I also don’t get the either–or rigidity regarding whether this or that discipline is art, say, architecture. Keeping water out is utility not art, but a textured roof that looks like waves of wind over tall grass and costs three times a traditional roof and raises the cost of the home by 8% is art because it was done for contemplation and aesthetic consideration, the essential characteristic of art. Insisting on the absence of utility strikes me as definition by exclusion.

We can make distinctions, we can call it fine art or pure art when there is no utility at all. But if someone’s favorite sculpture turns out, unbeknownst to them, to be a personal aircraft — you press this button here and wings fold out and you can fly away in the thing — then now they have to pick a new favorite sculpture because this one isn’t art anymore?  Seems like definition by non–essentials to me.

 

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22 minutes ago, Jon Letendre said:

I’m not knowledgeable or passionate about art but I have followed many of your conversations with interest. When you  point out the inconsistency that music doesn’t fit her criteria but she called it art anyway, they break into gibberish or avoid the issue, it’s comical, I’m always entertained by it.

I also don’t get the either–or rigidity regarding whether this or that discipline is art, say, architecture. Keeping water out is utility not art, but a textured roof that looks like waves of wind over tall grass and costs three times a traditional roof and raises the cost of the home by 8% is art because it was done for contemplation and aesthetic consideration, the essential characteristic of art. Insisting on the absence of utility strikes me as definition by exclusion.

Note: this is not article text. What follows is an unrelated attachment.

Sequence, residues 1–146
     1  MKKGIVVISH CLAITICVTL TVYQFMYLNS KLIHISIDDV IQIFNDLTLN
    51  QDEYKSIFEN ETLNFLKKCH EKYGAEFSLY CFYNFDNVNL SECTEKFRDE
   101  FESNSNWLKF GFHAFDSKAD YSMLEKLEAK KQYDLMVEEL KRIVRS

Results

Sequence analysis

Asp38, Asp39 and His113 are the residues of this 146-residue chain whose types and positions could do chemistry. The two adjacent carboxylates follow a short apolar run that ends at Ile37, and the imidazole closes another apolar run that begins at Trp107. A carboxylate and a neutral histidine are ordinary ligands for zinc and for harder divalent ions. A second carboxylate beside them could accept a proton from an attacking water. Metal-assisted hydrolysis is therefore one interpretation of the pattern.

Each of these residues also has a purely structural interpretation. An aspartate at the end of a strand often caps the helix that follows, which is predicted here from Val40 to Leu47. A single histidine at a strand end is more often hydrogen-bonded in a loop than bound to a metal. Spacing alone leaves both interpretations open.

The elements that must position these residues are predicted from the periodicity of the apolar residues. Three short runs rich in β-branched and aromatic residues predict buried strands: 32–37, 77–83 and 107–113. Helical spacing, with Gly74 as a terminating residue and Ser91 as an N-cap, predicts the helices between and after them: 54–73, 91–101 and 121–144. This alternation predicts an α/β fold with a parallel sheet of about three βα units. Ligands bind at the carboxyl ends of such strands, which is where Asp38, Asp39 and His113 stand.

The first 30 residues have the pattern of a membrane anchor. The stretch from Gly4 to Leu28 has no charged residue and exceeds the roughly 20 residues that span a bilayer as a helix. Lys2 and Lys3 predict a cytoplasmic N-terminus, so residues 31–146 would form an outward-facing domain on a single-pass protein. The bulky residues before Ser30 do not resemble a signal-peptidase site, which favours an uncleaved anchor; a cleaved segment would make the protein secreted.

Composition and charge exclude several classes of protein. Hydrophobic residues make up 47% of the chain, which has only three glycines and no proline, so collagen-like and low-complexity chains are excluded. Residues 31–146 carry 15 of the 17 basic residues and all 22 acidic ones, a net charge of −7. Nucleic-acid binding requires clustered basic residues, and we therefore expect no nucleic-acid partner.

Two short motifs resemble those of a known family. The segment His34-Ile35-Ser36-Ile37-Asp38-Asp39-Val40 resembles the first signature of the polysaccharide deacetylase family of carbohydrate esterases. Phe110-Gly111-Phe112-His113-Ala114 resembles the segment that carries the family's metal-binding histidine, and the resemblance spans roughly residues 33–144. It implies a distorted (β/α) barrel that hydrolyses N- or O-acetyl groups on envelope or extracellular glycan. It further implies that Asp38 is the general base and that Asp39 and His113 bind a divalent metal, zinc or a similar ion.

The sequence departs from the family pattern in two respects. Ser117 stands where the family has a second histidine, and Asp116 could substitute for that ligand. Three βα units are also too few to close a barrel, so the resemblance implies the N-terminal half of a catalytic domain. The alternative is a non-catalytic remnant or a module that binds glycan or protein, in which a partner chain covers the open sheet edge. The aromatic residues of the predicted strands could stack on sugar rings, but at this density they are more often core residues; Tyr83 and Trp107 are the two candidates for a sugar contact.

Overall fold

We can make distinctions, we can call it fine art or pure art when there is no utility at all. But if someone’s favorite sculpture turns out, unbeknownst to them, to be a personal aircraft — you press this button here and wings fold out and you can fly away in the thing — then now they have to pick a new favorite sculpture because this one isn’t art anymore?  Seems like definition by non–essentials to me.

 

Well said.

J

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1 hour ago, Brant Gaede said:

How about "If Kamhi says, 'It's not art!'"?

--Brant

Yes, or anyone who screams "Not ART!!!" as loudly or louder than Kamhi does. Whomever dedicates the largest portion of their life to denying the validity of other people's aesthetic responses wins, and becomes the universal standard and limit of cognition and of aesthetic response.

J

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2 hours ago, Jonathan said:

Yes, or anyone who screams "Not ART!!!" as loudly or louder than Kamhi does. Whomever dedicates the largest portion of their life to denying the validity of other people's aesthetic responses wins, and becomes the universal standard and limit of cognition and of aesthetic response.

J

So much "Not ART!!!", so little time!

--Brant

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Oh no!!!

Auntie Kamhi is dismayed, disturbed and distraught about something!